In the annual Randolph Newman recital at SRJC Nov. 21, pianist Barbara Nissman played a long and intensive concert with two monumental sonatas at the core, Prokofiev’s Sixth and the Liszt B Minor. Everything else on the program, heard by an almost full house in Newman Auditorium, seemed a little beside the point when Nissman charged headlong into these two pillars of pianistic drama, composed about 100 years apart.

Beginning with short but illuminating remarks to the audience, Nissman launched her program with a long-forgotten Bach transcription from the 19th Century. Not by d’Albert, Bulow, Siloti or Busoni, but the Organ Prelude and Fugue from Liszt in A Minor. It was a propitious start, and the performance was well crafted without being especially powerful. In another rarely-performed work, Barber’s Nocturne, Op. 33 (Homage to John Field) Nissman brought out a flexible rhythmic pattern combined with a nineteenth-century melody and twentieth-century harmonies. It’s good to hear a Barber piece other than the Sonata and Souvenirs, and it was played masterfully.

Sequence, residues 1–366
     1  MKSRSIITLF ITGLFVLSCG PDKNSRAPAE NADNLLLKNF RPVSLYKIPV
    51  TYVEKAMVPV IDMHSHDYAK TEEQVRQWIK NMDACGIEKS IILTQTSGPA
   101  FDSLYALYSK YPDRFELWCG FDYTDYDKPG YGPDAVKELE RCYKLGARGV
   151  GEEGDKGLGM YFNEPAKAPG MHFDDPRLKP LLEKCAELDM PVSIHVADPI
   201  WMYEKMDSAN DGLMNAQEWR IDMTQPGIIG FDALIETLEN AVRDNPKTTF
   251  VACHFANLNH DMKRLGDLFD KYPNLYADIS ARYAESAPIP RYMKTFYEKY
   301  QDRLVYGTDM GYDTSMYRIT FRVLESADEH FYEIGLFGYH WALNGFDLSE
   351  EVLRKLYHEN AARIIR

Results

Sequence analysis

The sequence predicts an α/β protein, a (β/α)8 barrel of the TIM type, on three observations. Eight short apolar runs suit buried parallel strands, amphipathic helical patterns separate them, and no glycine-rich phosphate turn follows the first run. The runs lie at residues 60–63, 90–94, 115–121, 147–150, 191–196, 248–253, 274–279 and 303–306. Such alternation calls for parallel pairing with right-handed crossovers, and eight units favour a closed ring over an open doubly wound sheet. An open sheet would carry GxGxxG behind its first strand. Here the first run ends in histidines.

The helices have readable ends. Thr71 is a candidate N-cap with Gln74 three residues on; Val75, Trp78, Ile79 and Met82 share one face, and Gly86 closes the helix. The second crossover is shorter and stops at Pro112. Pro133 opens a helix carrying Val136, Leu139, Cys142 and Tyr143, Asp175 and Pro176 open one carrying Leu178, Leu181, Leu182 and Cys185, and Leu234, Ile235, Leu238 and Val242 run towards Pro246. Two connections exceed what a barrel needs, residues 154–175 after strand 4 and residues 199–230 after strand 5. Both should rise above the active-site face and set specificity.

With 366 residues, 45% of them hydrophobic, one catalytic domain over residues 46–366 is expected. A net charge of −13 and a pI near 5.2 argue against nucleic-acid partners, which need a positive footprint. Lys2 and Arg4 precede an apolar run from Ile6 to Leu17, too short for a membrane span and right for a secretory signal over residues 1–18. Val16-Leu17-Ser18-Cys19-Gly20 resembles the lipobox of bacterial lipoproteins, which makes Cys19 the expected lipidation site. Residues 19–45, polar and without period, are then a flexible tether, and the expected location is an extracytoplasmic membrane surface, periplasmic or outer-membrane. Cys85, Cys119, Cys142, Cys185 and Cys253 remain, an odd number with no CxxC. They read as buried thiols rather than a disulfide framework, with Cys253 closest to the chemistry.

Known as a Prokofiev specialist, Nissman played the composer’s Sonata No. 6, Op. 82,
highlighting the biting dissonances in the first Allegro Moderato movement and carefully shaping the lyricism in the middle of the march-like second movement. A long, slow waltz (third movement) received some of the loveliest playing of the evening, especially with the elegant diminuendos at the end of nearly every phrase. The fleet Vivace Rondo concluded the Sonata, the largest of the composer’s nine, and was played with an idiomatic detache touch and assured command. Nissman’s teacher, Gyorgy Sandor, played everything Prokofiev wrote, and his tutelage certainly shaped Nissman’s sovereign command of Prokofiev’s oeuvre.

Six short Rachmaninoff pieces began the second half, split evenly between Preludes and Etudes-Tableux. The popular Prelude in G, Op. 32, was played briskly and with deeper tone and more rhythmic subtlety than Elena Ulyanova’s perfunctory performance a week earlier in Tiburon. In the penultimate chord, Nissman took just a little more time, affirming the composer’s wistful vision of a cold Russian night. Nissman’s pianistic color is most effective at less than high volume, allowing more treble richness to be heard, and the balance between her hands was uniformly exemplary. She has a pianissimo shimmer which in the many bantamweight piece endings worked to great effect, even when the luminous “sleigh bells” of the Op. 33, No. 2, Study were minimized by a hard touch.